These years are Raleigh's noon--stormy enough at best, yet brilliant. There is a pomp about him, outward and inward, which is terrible to others, dangerous to himself. One has gorgeous glimpses of that grand Durham House of his, with its carvings and its antique marbles, armorial escutcheons, 'beds with green silk hangings and legs like dolphins, overlaid with gold': and the man himself, tall, beautiful, and graceful, perfect alike in body and in mind, walking to and fro, his beautiful wife upon his arm, his noble boy beside his knee, in his 'white satin doublet, embroidered with pearls, and a great chain of pearls about his neck,' lording it among the lords with an 'awfulness and ascendency above other mortals,' for which men say that 'his naeve is, that he is damnable proud'; and no wonder. The reduced squire's younger son has gone forth to conquer the world; and he fancies, poor fool, that he has conquered it, just as it really has conquered him; and he will stand now on his blood and his pedigree (no bad one either), and all the more stiffly because puppies like Lord Oxford, who instead of making their fortunes have squandered them, call him 'jack and upstart,' and make impertinent faces while the Queen is playing the virginals, about 'how when jacks go up, heads go down.' Proud? No wonder if the man be proud! 'Is not this great Babylon, which I have built?' And yet all the while he has the most affecting consciousness that all this is not God's will, but the will of the flesh; that the house of fame is not the house of God; that its floor is not the rock of ages, but the sea of glass mingled with fire, which may crack beneath him any moment, and let the nether flame burst up. He knows that he is living in a splendid lie; that he is not what God meant him to be. He longs to flee away and be at peace. It is to this period, not to his death- hour, that 'The Lie' belongs; {4} saddest of poems, with its melodious contempt and life-weariness. All is a lie--court, church, statesmen, courtiers, wit and science, town and country, all are shams; the days are evil; the canker is at the root of all things; the old heroes are dying one by one; the Elizabethan age is rotting down, as all human things do, and nothing is left but to bewail with Spenser 'The Ruins of Time'; the glory and virtue which have been-- the greater glory and virtue which might be even now, if men would but arise and repent, and work righteousness, as their fathers did before them. But no. Even to such a world as this he will cling, and flaunt it about as captain of the guard in the Queen's progresses and masques and pageants, with sword-belt studded with diamonds and rubies, or at tournaments, in armour of solid silver, and a gallant train with orange-tawny feathers, provoking Essex to bring in a far larger train in the same colours, and swallow up Raleigh's pomp in his own, so achieving that famous 'feather triumph' by which he gains little but bad blood and a good jest. For Essex is no better tilter than he is general; and having 'run very ill' in his orange-tawny, comes next day in green, and runs still worse, and yet is seen to be the same cavalier; whereon a spectator shrewdly observes that he changed his colours 'that it may be reported that there was one in green who ran worse than he in orange-tawny.' But enough of these toys, while God's handwriting is upon the wall above all heads.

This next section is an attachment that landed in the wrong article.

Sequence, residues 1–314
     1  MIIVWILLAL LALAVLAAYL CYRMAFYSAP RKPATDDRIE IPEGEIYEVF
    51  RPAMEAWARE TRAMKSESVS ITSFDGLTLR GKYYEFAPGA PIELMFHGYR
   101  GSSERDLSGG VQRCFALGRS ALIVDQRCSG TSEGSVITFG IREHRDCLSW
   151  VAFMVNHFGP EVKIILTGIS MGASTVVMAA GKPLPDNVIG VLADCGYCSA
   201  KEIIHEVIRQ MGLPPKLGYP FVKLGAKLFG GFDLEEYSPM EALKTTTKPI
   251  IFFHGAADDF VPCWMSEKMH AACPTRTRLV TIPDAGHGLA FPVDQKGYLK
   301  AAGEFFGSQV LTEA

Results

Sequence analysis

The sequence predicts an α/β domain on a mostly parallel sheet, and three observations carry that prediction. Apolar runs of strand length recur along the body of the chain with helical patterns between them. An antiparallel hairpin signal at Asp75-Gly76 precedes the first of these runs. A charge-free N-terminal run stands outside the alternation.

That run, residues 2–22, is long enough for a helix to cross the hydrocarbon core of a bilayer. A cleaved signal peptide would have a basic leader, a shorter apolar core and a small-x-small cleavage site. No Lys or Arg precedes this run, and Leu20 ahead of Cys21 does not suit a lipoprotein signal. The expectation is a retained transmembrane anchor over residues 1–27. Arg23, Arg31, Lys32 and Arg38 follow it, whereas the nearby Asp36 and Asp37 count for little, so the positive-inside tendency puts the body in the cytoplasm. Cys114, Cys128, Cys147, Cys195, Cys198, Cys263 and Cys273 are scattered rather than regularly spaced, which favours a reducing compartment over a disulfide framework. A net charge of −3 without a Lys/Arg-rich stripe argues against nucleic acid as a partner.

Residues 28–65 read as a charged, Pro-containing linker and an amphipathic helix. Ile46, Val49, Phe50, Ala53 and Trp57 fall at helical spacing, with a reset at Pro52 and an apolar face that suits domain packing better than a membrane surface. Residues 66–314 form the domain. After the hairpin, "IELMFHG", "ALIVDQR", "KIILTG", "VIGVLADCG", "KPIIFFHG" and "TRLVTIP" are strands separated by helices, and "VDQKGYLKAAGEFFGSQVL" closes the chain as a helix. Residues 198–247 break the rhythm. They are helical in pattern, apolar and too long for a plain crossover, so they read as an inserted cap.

Raleigh knows that the handwriting is there. The spirit which drove him forth to Virginia and Guiana is fallen asleep: but he longs for Sherborne and quiet country life, and escapes thither during Essex's imprisonment, taking Cecil's son with him, and writes as only he can write about the shepherd's peaceful joys, contrasted with 'courts' and 'masques' and 'proud towers' -

'Here are no false entrapping baits
Too hasty for too hasty fates,
Unless it be
The fond credulity
Of silly fish, that worlding who still look Upon the bait, but never on the hook; Nor envy, unless among
The birds, for prize of their sweet song.

'Go! let the diving negro seek
For pearls hid in some forlorn creek,
We all pearls scorn,
Save what the dewy morn
Congeals upon some little spire of grass, Which careless shepherds beat down as they pass And gold ne'er here appears
Save what the yellow Ceres bears.'

Tragic enough are the after scenes of Raleigh's life: but most tragic of all are these scenes of vain-glory, in which he sees the better part, and yet chooses the worse, and pours out his self- discontent in song which proves the fount of delicacy and beauty which lies pure and bright beneath the gaudy artificial crust. What might not this man have been! And he knows that too. The stately rooms of Durham House pall on him, and he delights to hide up in his little study among his books and his chemical experiments, and smoke his silver pipe, and look out on the clear Thames and the green Surrey hills, and dream about Guiana and the Tropics; or to sit in the society of antiquaries with Selden and Cotton, Camden and Stow; or in his own Mermaid Club, with Ben Jonson, Fletcher, Beaumont, and at last with Shakspeare's self to hear and utter

'Words that have been
So nimble, and so full of subtle flame, As if that every one from whom they came Had meant to put his whole wit in a jest.'